A compromise federal spending deal signed Friday by President Barack Obama should help the Charleston-area housing market continue to recover, real estate professionals said.

The legislation temporarily preserves the federal flood insurance program and restores higher mortgage limits for loans backed by the Federal Housing Administration. The housing provisions were part of a larger spending bill, opposed by most of South Carolina's delegation, that keeps the government running through Dec. 16.

In the tri-county area, FHA loan limits will return to the $335,000 cap set in 2008 as part of a stimulus bill. The loan limit had fallen back to $302,450 on Oct. 1 when the stimulus program expired, but will return to the higher amount for two more years.

Most homes in the area sell at prices well below the loan limit, but caps on FHA loan amounts can affect all price ranges, so higher limits are seen as a positive by the real estate industry.

"You're talking about putting at least $30,000 of purchasing power back in the hands of buyers," said Ryan Castle, government affairs director for the Charleston Trident Association of Realtors. "Mortgage availability has an impact on all segments of the market."

As of the end of September, 333 homes were listed for sale in the region at prices between $300,000 and $349,999. In the prior six months, 253 homes were sold in that price range.

"It might only affect a couple of hundred people, but anything that will help to get this inventory down" is good for the housing market and the broader economy, said Jim Reese, general manager at Carolina One Real Estate and Mortgage.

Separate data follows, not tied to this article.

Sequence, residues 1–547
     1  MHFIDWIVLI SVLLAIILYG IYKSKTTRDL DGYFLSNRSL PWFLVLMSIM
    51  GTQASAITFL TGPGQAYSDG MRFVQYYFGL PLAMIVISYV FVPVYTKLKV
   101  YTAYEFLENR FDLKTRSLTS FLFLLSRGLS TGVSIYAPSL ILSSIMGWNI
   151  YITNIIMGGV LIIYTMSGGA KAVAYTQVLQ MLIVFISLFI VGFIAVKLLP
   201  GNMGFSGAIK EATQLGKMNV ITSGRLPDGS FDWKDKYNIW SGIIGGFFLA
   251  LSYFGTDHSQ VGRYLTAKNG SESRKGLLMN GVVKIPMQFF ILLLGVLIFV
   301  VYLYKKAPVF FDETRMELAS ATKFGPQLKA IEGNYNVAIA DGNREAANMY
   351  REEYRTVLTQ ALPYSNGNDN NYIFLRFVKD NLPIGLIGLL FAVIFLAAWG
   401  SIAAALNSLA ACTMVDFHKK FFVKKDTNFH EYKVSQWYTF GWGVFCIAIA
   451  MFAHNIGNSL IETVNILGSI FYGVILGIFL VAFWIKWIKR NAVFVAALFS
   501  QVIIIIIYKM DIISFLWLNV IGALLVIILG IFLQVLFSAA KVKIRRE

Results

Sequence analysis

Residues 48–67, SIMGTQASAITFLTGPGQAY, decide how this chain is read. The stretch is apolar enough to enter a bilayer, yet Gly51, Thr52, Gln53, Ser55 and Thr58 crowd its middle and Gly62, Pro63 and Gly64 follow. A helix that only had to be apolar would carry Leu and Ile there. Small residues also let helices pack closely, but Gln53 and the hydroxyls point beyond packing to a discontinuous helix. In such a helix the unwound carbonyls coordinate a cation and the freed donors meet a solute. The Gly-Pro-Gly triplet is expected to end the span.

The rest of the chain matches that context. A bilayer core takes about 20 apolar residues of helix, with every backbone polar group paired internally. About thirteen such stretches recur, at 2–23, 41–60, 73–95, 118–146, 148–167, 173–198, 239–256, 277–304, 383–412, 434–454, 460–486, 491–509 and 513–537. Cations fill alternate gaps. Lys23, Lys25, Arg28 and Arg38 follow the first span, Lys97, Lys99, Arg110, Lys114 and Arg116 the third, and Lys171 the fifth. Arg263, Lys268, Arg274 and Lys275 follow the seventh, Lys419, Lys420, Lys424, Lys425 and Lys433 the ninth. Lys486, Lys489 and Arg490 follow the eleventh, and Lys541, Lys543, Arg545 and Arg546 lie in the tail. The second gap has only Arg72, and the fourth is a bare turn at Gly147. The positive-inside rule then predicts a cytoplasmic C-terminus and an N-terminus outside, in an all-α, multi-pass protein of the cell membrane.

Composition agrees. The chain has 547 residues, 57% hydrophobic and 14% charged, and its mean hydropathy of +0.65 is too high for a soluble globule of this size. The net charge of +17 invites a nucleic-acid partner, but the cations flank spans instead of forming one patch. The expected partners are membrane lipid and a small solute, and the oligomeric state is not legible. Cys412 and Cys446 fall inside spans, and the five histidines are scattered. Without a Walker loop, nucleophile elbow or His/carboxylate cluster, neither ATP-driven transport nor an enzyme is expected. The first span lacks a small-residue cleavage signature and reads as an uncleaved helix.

The FHA backs about a third of U.S. mortgages and has been playing a large role in mortgage financing during the downturn as private financing became harder to obtain. Associations representing real estate agents and home builders pushed for the higher loan limits.

Among South Carolina's congressional delegation, Republican Sen. Lindsey Graham and Democratic Rep. James Clyburn voted for the spending bill. Opponents of reinstating the higher loan limits did not want to see the federal government more involved in mortgage financing.

"Those who want to increase FHA limits argue that the action is needed to jump-start the housing market, but this approach has already failed," South Carolina Republican Sen. Jim DeMint wrote prior to the vote in a blog on redstate.com.

The impact of higher FHA loan limits could be more significant elsewhere.

In some areas with high real estate prices, the FHA limit will rise from $625,500 to $729,750.

While the higher loan limits would last for two years, the National Flood Insurance Program was temporarily extended only through Dec. 16. The housing industry has been pushing for a five-year extension of the program, which provides the flood insurance many homeowners are required by lenders to obtain.